Biological sensors

Harm and Eva

Harm van der Veer is a Master's student of Biomedical Engineering at TU/e, graduating in the Protein Engineering research group. During his studies, he was part of a team of 11 students who represented TU/e at the international Genetically Engineered Machine (iGEM) competition in 2019. Harm is now building on the foundations of the innovative project initiated by the team. He is working within an overarching project that also involves PhD student Eva van Aalen. Eva has a Bachelor's degree in Medical Sciences and Technology and a Master's in Biomedical Engineering, and previously conducted research into the development of bioluminescent protein sensors that detect biomarkers. If you are not familiar with the field, do read on and find out more! At its heart, it's a project that will make it much easier to detect microbiological pathogens, and therefore to diagnose contagious illnesses, such as Covid-19.

It started with a student competition

In 2019, Harm and Eva were two of a group of students who traveled to Boston for the Giant Jamboree at the iGEM competition, where they presented a concept that used light to detect viruses. Briefly (and much too simply) explained, the method boils down to this: a medium contains sensor proteins that are designed to react to certain elements of viruses. The addition of bodily fluids containing these virus particles causes a reaction whereby the sensor proteins emit light. Hence indicating the presence of a virus.

This may be familiar to readers of the Funds’ 2019 annual report: the work of Professor Maarten Merkx and his research group discussed in the report formed the foundations for Eva, Harm and their iGEM teammates’ project. Together with several other specialists from TU/e, they are currently conducting research into methods of detecting biological pathogens using light. Working on this project allows them to expand their knowledge and give their talents free rein. What's more, they can do so within a field that is in keeping with their personal motives and how they see their future in science. In this double interview, Eva and Harm introduce their work.

DNA detection

“Professor Merkx recognized the potential of our iGEM project and suggested developing it further. It has turned out to be an even better concept than we first thought. It feels special to be integral to a development like this,” says Harm, who is graduating with the project and continuing work on the subject for his PhD. He talks passionately about the project: “We are essentially building biological sensors, in this case sensors that can detect genetic material (DNA/RNA). We can use the sensors to quickly reveal the presence of all sorts of pathogens, even at low concentrations. We are currently developing a system such as this for use in diagnosing SARS-CoV-2.”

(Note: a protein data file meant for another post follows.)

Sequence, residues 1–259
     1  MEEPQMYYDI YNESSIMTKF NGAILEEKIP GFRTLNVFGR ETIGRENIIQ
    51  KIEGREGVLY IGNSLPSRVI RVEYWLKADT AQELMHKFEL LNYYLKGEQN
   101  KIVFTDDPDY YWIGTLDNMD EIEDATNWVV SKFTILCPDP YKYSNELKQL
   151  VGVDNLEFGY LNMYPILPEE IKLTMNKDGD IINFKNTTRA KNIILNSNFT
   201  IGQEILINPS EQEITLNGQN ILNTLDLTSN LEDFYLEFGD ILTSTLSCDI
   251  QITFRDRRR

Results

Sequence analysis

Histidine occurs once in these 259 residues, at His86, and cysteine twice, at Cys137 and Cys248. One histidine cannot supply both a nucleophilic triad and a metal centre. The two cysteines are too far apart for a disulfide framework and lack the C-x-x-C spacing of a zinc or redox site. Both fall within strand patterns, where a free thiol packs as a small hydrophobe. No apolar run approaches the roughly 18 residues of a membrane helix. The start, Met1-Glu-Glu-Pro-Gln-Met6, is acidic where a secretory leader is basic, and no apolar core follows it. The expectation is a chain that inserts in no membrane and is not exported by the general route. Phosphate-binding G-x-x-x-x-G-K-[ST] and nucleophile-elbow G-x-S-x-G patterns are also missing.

Measuring antibodies

One of Eva's focuses is on the development of serological tests. She makes sensors that detect the presence of specific antibodies produced in response to the SARS-CoV-2 virus, which causes Covid-19. It all comes down to how our immune system responds to an infection. This response triggers the production of antibodies. The bodily fluid of someone who has been infected is added to the sensor. This contains proteins that are designed to react with the antibodies and to subsequently emit a certain type of light. From the color of the light, researchers can tell whether antibodies to counteract the virus are present, and if so, how many there are. They can therefore determine whether someone may be protected against a second infection by the virus.

In the beginning

Eva introduces another part of the project: “With all of the sensors of this kind, we are still in the early stages of what ultimately needs to become a ‘point-of-care’ solution, a device that can be used at locations where people receive treatment, for example at a doctor's surgery, or even at a patient's home. For these tests, we need a bodily fluid”. Eva: “You normally measure the concentration of antibodies in blood plasma, the liquid that is left over when blood is centrifuged. This method presents a challenge: the presence of lots of other proteins in blood plasma is counterproductive for measurements with our light sensors. Some of these proteins absorb light, which impacts the results. We are currently trying to solve this problem. We are already seeing positive results if we dilute the blood plasma or introduce an additional calibration step.”